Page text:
Electricity from trees

Mar 21, 2012
Dr. Rohan Jayaratne said scientists have long-suspected an association between trees and electricity. Now a team of researchers from Queensland University of Technology in Brisbane, Australia, may have finally discovered the link. Credit: Erika Fish

Plants have long been known as the lungs of the earth, but a new finding has found they may also play a role in electrifying the atmosphere.

Scientists have long-suspected an association between trees and electricity but researchers from Queensland University of Technology (QUT), in Brisbane, Australia, think they may have finally discovered the link.

Dr Rohan Jayaratne and Dr Xuan Ling from QUT's International Laboratory for Quality and Health (ILAQH), led by Professor Lidia Morawska, ran experiments in six locations around Brisbane, including the Brisbane Forest Park, Daisy Hill and Mt Coot-tha.

They found the positive and negative ion concentrations in the air were twice as high in heavily wooded areas than in open grassy areas, such as parks.

Dr Jayaratne, who is also a member of QUT's Institute of Health and Biomedical Innovation (IHBI), said that natural ions in the air were mainly created by ionisation due to two processes - radiation from the trace gas radon in air and from space.

Radon is a by-product of the of radium which is present in minute quantities in rocks and is continually exhaled by the ground.

"Because radium is found in rocks and radon is soluble in water, ground water is particularly rich in radon," he said.

"Trees act as radon pumps, bringing the gas to the surface and releasing it to the atmosphere through transpiration - a process where water absorbed by the root system is evaporated into the atmosphere from leaves. This is especially prevalent for trees with deep root systems, such as eucalypts."

The QUT scientists estimated that, in a eucalyptus forest, trees may account for up to 37 per cent of the in the air when transpiration rates were highest.

Dr Jayaratne said though there was still a lot more research which needed to be done in relation to the role of ions, the findings, which were published in the journal , have potentially important implications for the atmosphere, climate and human health.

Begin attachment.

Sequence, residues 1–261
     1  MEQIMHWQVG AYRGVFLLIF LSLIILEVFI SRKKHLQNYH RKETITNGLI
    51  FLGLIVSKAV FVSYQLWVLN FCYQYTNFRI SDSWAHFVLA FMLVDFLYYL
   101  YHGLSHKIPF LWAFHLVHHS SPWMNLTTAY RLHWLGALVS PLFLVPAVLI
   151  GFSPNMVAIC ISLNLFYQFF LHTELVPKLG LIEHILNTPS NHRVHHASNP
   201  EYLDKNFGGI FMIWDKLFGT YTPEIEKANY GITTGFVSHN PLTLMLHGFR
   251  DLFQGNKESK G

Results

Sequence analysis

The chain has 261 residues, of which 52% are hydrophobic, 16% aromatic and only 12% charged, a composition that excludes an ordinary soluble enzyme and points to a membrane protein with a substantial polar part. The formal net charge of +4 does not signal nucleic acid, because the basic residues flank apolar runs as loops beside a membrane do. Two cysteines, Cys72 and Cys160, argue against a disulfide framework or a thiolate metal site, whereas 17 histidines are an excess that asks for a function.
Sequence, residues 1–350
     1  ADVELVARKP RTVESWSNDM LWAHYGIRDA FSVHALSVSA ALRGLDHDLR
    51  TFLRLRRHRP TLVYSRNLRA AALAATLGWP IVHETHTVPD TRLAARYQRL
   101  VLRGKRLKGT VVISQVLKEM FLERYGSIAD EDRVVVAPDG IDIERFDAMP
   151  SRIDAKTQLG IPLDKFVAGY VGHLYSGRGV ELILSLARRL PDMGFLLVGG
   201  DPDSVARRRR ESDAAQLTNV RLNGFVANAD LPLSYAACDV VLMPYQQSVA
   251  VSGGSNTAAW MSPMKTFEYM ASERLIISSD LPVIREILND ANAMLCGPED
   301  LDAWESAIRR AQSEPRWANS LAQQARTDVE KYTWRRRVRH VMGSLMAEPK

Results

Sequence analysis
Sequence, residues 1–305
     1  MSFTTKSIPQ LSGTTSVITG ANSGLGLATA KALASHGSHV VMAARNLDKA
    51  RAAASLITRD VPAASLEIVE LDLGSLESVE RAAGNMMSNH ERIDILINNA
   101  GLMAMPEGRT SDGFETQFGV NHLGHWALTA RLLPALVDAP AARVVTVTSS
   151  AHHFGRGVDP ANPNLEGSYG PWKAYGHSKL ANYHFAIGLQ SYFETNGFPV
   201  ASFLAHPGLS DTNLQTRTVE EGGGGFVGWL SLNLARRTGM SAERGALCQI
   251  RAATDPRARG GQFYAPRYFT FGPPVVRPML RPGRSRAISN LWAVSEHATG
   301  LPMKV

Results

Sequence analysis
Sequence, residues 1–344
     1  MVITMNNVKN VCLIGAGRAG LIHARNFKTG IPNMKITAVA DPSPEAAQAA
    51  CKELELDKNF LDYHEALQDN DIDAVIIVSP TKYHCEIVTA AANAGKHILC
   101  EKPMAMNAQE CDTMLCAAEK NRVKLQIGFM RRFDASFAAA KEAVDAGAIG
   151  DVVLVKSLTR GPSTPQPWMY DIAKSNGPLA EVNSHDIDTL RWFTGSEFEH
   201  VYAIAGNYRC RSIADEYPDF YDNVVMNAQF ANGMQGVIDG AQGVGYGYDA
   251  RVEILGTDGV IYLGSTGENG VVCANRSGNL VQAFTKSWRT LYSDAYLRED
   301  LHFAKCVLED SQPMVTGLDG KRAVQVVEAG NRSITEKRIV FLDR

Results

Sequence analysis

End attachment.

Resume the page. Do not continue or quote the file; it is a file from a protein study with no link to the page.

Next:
"Although there is an established link between airborne particles and human health, the role of ions is largely unknown," he said.

"However, we do know that approximately one-half of the particles that we inhale during normal breathing are retained in our respiratory system and it has been shown that charged particles were more likely to be deposited in the lungs than uncharged particles.

"We do not believe that ions are dangerous - the danger comes from the pollutants. If there are no dangerous particles in the air to attach to the there is no risk of ill health."

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Sean_W
3 / 5 (2) Mar 21, 2012
They found the positive and negative ion concentrations in the air were twice as high in heavily wooded areas than in open grassy areas, such as parks.

Interesting. But why don't the positive and negative ions quickly meet and form neutral molecules?
Shelgeyr
3 / 5 (2) Mar 21, 2012
Interesting. But why don't the positive and negative ions quickly meet and form neutral molecules?

Natural resistance / impedance of the intervening media.

It is more complicated than that, of course, but I believe that's the basic gist.

Plus, to be fair, I'm given to understand that there *is* some ongoing fair-weather discharging going on at all times, so an answer to your question might also be "To some degree, they do".
Sean_W
1 / 5 (1) Mar 21, 2012

Natural resistance / impedance of the intervening media.

It is more complicated than that, of course, but I believe that's the basic gist.

Plus, to be fair, I'm given to understand that there *is* some ongoing fair-weather discharging going on at all times, so an answer to your question might also be "To some degree, they do".


I see. If there are roughly an equal number of positive and negative ions, giving the air overall a roughly neutral charge would that air behave any differently than it would if the ions were not there to begin with (I'm thinking about physically rather than chemically)?
snowelk
not rated yet Mar 26, 2012
Can I suggest you consult with a consulting arborist as to the functioning of trees? There are some fundamental errors such as that eucalypts have deep roots. This is incorrect and a flaw in your explanation. 90% of tree roots are found in the top 300mm of soil. in forests, it is shallower. Interesting topic however.
Shelgeyr
1 / 5 (1) Mar 28, 2012
If there are roughly an equal number of positive and negative ions,...(I'm thinking about physically rather than chemically)


Yes, because the ions in the air interact electrically/magnetically and would be in motion, affecting the air around them. This is true even if the air isn't charged enough to normally be considered "plasma". Remember, a tornado (for example) isn't merely a thermal construct - it is also a "charged sheath vortex" obeying electrodynamic laws as well.

In an uncharged atmosphere you wouldn't consider such things as the interrelationship between Gauss's flux theorem, the Lorentz force, or the BiotSavart law, but in a charged environment those and other electrostatic and electrodynamic equations come into play.

Also, although unrelated to the above, regarding trees specifically you might this interesting:
http://www.cbc.ca...ngs.html

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